All went well until they had gone about a mile and a half, when George Hadlow intimated that he was going to change his seat. He was asked to keep still, but the advice came too late. Hadlow stepped to one side of the boat, which in a moment was upset, precipitating the party into the water. A heartrending scene followed. The women screamed for help, and the men fought hard to keep themselves afloat.

Only Albert Etherington could swim, but his efforts were hampered by his wife, who clung to him. The youngest member of the party, Richard Stepney, managed to right the boat, and clinging to it with one hand he grasped Mrs. Bristol with the other until she was able to clamber into the boat with him. Henry Bristol kept himself afloat by means of a large empty jar which was in the boat, and he was rescued by a man who put off when he heard the screams for help. By the time he had reached Bristol, however, the other four unfortunate occupants of the boat had sunk.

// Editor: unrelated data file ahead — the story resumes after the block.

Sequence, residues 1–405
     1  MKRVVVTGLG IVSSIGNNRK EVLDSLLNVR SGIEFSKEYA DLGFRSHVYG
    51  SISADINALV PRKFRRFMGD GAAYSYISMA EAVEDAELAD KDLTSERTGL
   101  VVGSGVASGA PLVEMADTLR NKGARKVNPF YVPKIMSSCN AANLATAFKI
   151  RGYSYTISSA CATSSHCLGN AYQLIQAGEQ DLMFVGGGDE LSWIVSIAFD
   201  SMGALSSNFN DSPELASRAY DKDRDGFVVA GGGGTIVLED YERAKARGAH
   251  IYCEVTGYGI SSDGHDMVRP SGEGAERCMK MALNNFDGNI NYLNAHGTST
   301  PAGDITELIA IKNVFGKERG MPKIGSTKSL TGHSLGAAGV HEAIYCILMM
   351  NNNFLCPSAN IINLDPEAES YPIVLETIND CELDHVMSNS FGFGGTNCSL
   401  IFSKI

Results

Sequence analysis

It was high water at the time, and at the spot where the disaster occurred, off Jackson's Point, there were fully 12ft. of water. Mr. and Mrs. Bristol and the younger Stepney were much exhausted, and they had a miraculous escape.

An inquest was held on the bodies of the drowned on Wednesday, when a verdict of "Death by misadventure" through Hadlow, who weighed 14 st., changing seats in the boat.

 

Another Boat Disaster.

Another boating fatality occurred near Sittingbourne on Thursday.

George Swan, aged about forty, landlord of the "Globe Inn," Elmley accompanied by a man named William Goodge, sailed to Milton in a boat for a freight of beer and aerated water. When some distance on the journey home Swan turned to go to the assistance of some men in a boat who were stranded. Just at that juncture a squall struck the Elmley boat, and she capsized, throwing the two men into the water. Goodge was saved. But Swan sank, his body being recovered during the afternoon. The deceased was one of the jurors who have investigated the drowning fatality at Elmley on Sunday and the inquest was held at his house. He leaves a wife and five young children. The fatality occurred near the spot of the previous disaster.